Cage the Elephant consists of the vocalist Matt Shultz, his brother, guitarist Brad Shultz, bassist Daniel Tichenor, and drummer Jared Champion, accompanying them on tours is keyboardist/guitarist Matthan Minster and guitarist Nick Bockrath. Right now they are ripping. Tearing through a set for no one. They play through mainstay “Punchin’ Bag” (from their most recent release Tell Me I’m Pretty) at least three times. And it feels good. The bass and drums are a pyroclastic flow of deep noise. I imagine the guitars’ sounds rippling towards me like ribbons of supergraphic rainbow. Amidst all this Matt Shultz’s voice is cutting through the wall of sound, slicing through the room with a sharp, effortless, wailing drawl. Five hours later the band does the same for about 250 people packed into the bar. At the pinnacle of this latter show Matt Shultz will jump atop and kick through rapper Big Sean’s table of bottles—emptying the furniture of its contents. This is a good time. This is their narrative. I speak to Brad and Matt via phone a few days later.
The theme of this issue is Good Times. What does a good time mean to you?
BRAD SHULTZ: you definitely know you’re having a good time when you kind of get lost in the moment and time passes by very quickly.
What goes through your mind when you’re playing a show?
BS: For me, the best shows that we have, the most enjoyable shows, are the shows that I don’t really recall as much afterwards because you’re so enthralled and lost in the moment that you’re not thinking about your surroundings and there’s not a lot for your memory to kind of attach to. The best shows almost have a spiritual feeling to them.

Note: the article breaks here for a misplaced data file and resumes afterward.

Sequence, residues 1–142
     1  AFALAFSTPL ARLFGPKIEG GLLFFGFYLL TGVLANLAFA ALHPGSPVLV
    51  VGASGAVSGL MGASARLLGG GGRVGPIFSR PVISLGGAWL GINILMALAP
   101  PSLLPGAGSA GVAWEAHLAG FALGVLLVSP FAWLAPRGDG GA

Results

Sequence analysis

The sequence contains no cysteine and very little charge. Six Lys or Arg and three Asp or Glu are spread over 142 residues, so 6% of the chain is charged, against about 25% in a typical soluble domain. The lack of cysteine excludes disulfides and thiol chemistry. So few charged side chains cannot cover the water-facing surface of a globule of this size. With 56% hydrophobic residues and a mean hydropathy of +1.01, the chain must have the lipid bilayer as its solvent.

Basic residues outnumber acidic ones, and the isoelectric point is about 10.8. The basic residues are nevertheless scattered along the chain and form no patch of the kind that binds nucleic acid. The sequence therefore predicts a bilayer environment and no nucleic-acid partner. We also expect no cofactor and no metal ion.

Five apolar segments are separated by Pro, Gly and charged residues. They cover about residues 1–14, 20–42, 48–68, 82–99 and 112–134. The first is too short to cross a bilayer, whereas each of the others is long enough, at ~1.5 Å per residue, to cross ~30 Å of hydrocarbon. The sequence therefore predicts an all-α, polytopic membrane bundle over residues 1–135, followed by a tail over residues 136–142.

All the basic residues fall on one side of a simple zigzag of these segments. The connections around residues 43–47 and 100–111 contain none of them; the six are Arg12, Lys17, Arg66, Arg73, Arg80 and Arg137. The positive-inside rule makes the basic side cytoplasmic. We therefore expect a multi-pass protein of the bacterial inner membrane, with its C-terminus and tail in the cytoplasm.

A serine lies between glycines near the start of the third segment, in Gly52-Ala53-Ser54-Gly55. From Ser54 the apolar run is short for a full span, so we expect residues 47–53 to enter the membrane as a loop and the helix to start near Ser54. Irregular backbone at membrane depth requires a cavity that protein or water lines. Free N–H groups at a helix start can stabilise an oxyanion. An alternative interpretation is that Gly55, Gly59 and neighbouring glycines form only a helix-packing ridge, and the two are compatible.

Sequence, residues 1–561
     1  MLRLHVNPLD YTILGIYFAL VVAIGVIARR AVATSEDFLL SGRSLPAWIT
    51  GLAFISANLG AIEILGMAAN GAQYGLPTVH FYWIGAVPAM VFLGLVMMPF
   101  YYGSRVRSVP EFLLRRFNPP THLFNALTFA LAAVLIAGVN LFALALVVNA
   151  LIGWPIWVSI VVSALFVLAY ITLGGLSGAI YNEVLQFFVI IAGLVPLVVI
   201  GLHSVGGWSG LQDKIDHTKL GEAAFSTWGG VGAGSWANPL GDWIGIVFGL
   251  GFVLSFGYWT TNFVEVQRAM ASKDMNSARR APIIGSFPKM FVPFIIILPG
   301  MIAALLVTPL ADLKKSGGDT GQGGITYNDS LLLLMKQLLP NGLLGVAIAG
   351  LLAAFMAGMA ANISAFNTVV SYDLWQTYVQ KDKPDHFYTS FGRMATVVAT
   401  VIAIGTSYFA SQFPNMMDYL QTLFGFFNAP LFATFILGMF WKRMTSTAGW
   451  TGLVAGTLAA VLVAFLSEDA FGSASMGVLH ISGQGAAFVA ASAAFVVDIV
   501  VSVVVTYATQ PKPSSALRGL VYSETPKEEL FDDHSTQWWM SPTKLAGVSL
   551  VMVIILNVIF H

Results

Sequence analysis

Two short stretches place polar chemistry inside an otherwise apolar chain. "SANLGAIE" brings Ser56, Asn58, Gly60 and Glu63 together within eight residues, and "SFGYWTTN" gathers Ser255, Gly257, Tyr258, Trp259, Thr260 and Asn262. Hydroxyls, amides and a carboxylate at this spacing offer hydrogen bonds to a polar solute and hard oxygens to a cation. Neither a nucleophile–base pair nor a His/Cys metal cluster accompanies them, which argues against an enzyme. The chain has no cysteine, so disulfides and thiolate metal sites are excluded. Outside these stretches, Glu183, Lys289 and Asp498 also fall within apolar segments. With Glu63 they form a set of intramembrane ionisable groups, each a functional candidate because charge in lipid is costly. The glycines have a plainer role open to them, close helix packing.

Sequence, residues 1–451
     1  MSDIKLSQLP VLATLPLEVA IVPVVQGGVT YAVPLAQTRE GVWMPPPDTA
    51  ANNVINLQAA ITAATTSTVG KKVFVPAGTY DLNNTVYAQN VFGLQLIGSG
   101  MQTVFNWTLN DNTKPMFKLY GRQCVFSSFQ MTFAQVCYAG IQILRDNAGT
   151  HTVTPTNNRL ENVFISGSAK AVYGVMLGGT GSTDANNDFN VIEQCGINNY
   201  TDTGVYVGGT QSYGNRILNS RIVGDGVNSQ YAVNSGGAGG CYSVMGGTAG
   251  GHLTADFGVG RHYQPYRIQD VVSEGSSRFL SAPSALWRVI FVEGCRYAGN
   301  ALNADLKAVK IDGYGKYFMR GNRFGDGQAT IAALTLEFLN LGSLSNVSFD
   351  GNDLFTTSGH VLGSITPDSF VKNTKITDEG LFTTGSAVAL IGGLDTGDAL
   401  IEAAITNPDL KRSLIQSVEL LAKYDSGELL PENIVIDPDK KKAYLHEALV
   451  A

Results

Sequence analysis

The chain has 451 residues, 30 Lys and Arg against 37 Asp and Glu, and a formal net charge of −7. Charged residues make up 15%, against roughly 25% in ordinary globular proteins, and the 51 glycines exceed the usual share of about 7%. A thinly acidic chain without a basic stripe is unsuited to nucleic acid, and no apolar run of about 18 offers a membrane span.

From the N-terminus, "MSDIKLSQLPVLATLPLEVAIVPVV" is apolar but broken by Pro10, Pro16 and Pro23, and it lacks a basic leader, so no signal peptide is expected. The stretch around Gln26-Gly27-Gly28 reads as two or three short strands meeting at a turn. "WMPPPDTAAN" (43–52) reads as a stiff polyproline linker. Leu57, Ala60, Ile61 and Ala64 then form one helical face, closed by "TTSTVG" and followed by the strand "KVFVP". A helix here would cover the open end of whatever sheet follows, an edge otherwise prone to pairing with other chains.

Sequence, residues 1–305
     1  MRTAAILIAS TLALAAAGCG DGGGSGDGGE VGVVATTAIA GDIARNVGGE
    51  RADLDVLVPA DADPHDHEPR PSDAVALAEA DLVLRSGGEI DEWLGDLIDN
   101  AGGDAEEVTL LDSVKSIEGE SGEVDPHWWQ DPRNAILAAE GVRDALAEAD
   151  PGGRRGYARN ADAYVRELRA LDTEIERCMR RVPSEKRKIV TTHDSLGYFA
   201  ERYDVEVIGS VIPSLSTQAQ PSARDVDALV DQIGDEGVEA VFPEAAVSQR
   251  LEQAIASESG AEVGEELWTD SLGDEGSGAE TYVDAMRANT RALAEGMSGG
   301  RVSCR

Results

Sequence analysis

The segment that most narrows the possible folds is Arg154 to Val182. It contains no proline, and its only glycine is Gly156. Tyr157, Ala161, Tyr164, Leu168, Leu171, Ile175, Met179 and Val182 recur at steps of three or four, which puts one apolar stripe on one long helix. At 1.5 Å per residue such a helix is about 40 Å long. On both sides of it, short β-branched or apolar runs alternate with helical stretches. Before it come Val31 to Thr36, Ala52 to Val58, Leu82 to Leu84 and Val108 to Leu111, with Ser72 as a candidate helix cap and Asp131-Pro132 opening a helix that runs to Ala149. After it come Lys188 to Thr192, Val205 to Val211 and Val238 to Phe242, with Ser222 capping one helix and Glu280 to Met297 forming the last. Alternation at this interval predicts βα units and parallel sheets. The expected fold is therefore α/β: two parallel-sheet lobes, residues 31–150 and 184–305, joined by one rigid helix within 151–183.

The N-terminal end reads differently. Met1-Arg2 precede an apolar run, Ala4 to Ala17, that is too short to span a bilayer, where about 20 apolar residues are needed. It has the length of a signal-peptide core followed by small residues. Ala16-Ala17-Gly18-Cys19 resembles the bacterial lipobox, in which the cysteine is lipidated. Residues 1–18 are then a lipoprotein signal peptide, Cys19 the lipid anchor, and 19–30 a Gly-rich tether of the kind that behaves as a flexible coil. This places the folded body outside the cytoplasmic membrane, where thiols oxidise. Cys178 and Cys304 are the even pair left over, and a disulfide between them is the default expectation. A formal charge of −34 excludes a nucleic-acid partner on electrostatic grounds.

MATT SHULTZ: It differs from show to show. The best shows you feel 100% instinctual [and] it almost feels like every little nuance is predestined. It feels like you’re stepping into something that was already happening rather than trying to make it happen. A lot of times you have this reality where you’re trying to convey this message or this thought or this feeling of exuberance or confidence. It’s kind of like when people watch a race, they want to see a car crash. Those moments where you’re falling apart, that’s the authenticity within what’s happening and so [you’re] trying to be comfortable within that, I think about that a lot.
You’re originally from Bowling Green, Kentucky. What’s a good time in Bowling Green?
MS: I haven’t been there for a long time but in the early days of the band there was this house called the tire House. It was a condemned fraternity house. We had this friend who lived there. He would throw these incredible house parties and that’s really how we started making records. We would write these songs and we’d play them at the party house for friends and the songs that stuck with people we would keep and the songs that didn’t resonate we would get rid of. Eventually we had enough and we made a record.
Do you think that there is a timeless or classic quality to your music?
BS: You know, I think that is our goal in songwriting, is to be timeless—to not embody any type of genre, but really have people connect because it’s more of a timeless kind of sound. I don’t know if we hit the mark all the time, but that’s the kind of common goal in our band.
MS: I think that we definitely strive to make music that can’t necessarily be tied down to a specific sound connected to a period of time, but I don’t know how well we’re achieving it. We definitely strive to make music that doesn’t 100% rely on trends.
Do you hope your music influences your listeners’ actions in some way?
MS: I always just think about potentiality and communicating something that’s honest and sincere. Because if it’s not sincere, it doesn’t feel worth saying.